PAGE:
Pictured left to right are Brooke Ingstad with The Snooty Fox and Johnna Letchworth-Clark with What About Bob. Photo © Impulse Photography

You’re My Best Friend: What About Bob and The Snooty Fox are BFFs in Retirement

Recently, we received word that two of AQHA’s most iconic geldings, What About Bob and The Snooty Fox, are happily living out their days together in retirement.

Both now twenty-six, these AQHA war horses are still as beautiful as they were twenty years ago and still have their giant personalities to go along with their flashy looks.

We decided to catch up with their former and current owners to take a trip down memory lane and see what they are up to now.

Let’s just say it is all serendipitous and just about perfect in every way.

What About Bob

The 1991 bay gelding by Im Surrounded and out of Bobalots has touched a lot of hearts over the years and has been owned and loved by Camilla Cumberland, the Van Pelt family, Tammy Dyer and Sharnai Thompson, Meghan Momont, Carrie Jo Sack, and current owner Johnna Letchworth (pictured right) of Horace, North Dakota.

His legacy includes superiors in multiple events including hunter under saddle, western pleasure, western horsemanship, showmanship, trail, hunt seat equitation, and halter.  He has earned nearly $16,000 in the AQHA incentive fund and was a head turner from day one.

Camilla Cumberland said, “I went to buy this four-month-old weanling, and when I saw him lope two steps, I said, ‘wow did you see that?’ and bought him.”

She named the colt, What About Bob, and affectionately called him “Murray” after Bill Murray from the film of the same name.

Cumberland and Murray won the Tom Powers longe line futurity in both the open and the non-pro.

“This was when you had to go to all three Tom Powers shows and when the longe line classes were three to five lines deep,” she said. “It was a very exciting time. People would follow me back to the stall trying to buy him, but he was the all around horse I dreamed of having. He could jog and long trot and lope beside you while leading him to the turn out field.”

During Murray’s two-year-old year he sustained an injury while preparing for the Congress. After six months off, Cumberland went on to show him as a three-year-old in the English events.

“Then he re-injured himself and was off for a year and when he came back this time every one told me it was time to sell him,” she said. “So reluctantly I did and never forgave myself for doing it. That horse could do every event out there. The dream horse of a lifetime.”

“I think it was the name we gave him that everyone could remember, people would ride by me and say, ‘So .. What About Bob?’ then we would all laugh.  I would say ‘I know… What About Bob?’”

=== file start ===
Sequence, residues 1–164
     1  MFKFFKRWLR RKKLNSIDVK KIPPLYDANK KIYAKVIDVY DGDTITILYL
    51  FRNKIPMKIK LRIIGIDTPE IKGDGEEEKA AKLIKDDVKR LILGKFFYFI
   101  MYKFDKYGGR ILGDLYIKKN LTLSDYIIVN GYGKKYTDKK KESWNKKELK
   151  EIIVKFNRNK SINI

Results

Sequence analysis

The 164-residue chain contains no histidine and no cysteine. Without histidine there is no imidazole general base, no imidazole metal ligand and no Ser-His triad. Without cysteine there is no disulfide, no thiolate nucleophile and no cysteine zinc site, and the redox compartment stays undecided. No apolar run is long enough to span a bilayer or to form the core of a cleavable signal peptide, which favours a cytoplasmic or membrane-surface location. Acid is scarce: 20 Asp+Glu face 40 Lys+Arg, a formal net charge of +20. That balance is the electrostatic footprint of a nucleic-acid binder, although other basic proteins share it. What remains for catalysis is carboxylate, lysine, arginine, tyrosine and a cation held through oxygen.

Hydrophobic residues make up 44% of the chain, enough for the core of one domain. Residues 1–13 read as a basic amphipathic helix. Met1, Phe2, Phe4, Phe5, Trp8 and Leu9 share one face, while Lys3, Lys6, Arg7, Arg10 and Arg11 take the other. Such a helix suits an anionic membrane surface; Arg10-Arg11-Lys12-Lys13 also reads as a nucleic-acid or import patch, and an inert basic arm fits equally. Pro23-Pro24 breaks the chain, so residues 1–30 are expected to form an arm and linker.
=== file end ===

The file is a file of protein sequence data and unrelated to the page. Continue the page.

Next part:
Tammy Dyer and Sharnai Thompson purchased Murray from the Van Pelt family and Rusty Green in 2000.

“At that point, he was just doing the flat classes, but he was so unique because he was doing both the western pleasure and the hunter under saddle,” said Thompson.

Perhaps fittingly, Thompson was also ready to make the next step in her career as she had never done English.

“I remember sitting at the tack store with Valerie (Kearns) all loaded up with English tack and clothes just waiting for the call that he passed the vet check, and we were cleared to buy the stuff,” she chuckled. “He started my English career.”

Thompson still rides and shows in the same English saddle she purchased that day.

Murray and Thompson won the Horsemanship at the Congress, and Thompson noted that Murray very quickly became a super showmanship star.

But there was one thing he wasn’t that great at; trail. Except for once.

“He was really almost too smart for the trail and a little too big,” said Thompson. “I didn’t really know what I was doing either.  One year, at the Congress Brad and Valerie (Kearns) weren’t there as they were awaiting the arrival of their daughter, and I was all alone. We showed in the Youth Trail and ended up Reserve. We had never won a prize in the trail before, and I don’t think we ever did again.”

“But that’s what the great ones do.  They step up when you need them, and that’s exactly what Murray did.”

In 2004, Murray found his way to Johnna Letchworth and his forever home.

Johnna’s mother, AQHA judge and Professional Horsewoman, Gretchen Mathes said, “Murray came to us at a low point in our lives and in his. I had a little girl who had lost her gelding, (I’m A Top Notch Poco) and Murray had really fallen out of favor. He was talented, beautiful, and had a great show record but he wasn’t easy and you had to treat him with respect or it wasn’t going to work.”

Mathes recalled that Murray was offered to her for sale multiple times, but she didn’t even consider it because she thought he was done.

Of course, pressure from a daughter who wanted to have a horse to show after suffering such loss, reassurance from Gene Spagnola, and Mathes’ own belief that if you treat a horse fairly and take great care of them; Mathes took the plunge and purchased Murray for Johnna. (pictured left)

That same year, Johnna and Murray were crowned the 12-14 Hunt Seat Equitation Congress Champions, and in 2005, they won it again as well as the All-Around.

“It was the only time I have placed in every class (at the Congress),” Letchworth said.

And even though being crowned the Congress All-Around Champion is an incredibly prestigious honor, Letchworth’s fondest memory of her time in the show pen with Murray was in the preliminaries in the Youth Trail at the AQHYA World Show.

“I don’t remember what year it was, but we scored a 235.5, and I almost fell off when they announced my score,” she chuckled. “Everything just came together, and it was one of the greatest moments.”

Like the owners before her, Letchworth noted that Murray always knew when it mattered but didn’t hesitate to test her plenty of times even though she maintains he was always quiet and sweet about it.

“I am just so grateful that he’s mine,” she continued. “He was always so quiet and I got to do stupid youth kid things on him like the egg race or just ride bareback everywhere because he would take care of me. If there were more horses like Murray in the world, the world would be a better place.”

The Snooty Fox

The 1991 brown gelding by Mister Passer and out of Helenetta Pie has also been an iconic gelding in AQHA history and has been owned by Amanda Morris (Rambo), The Trucco Family, Kerith Gray, Kara Jo Cecil, and current owner, Brooke Ingstad of Fargo, North Dakota.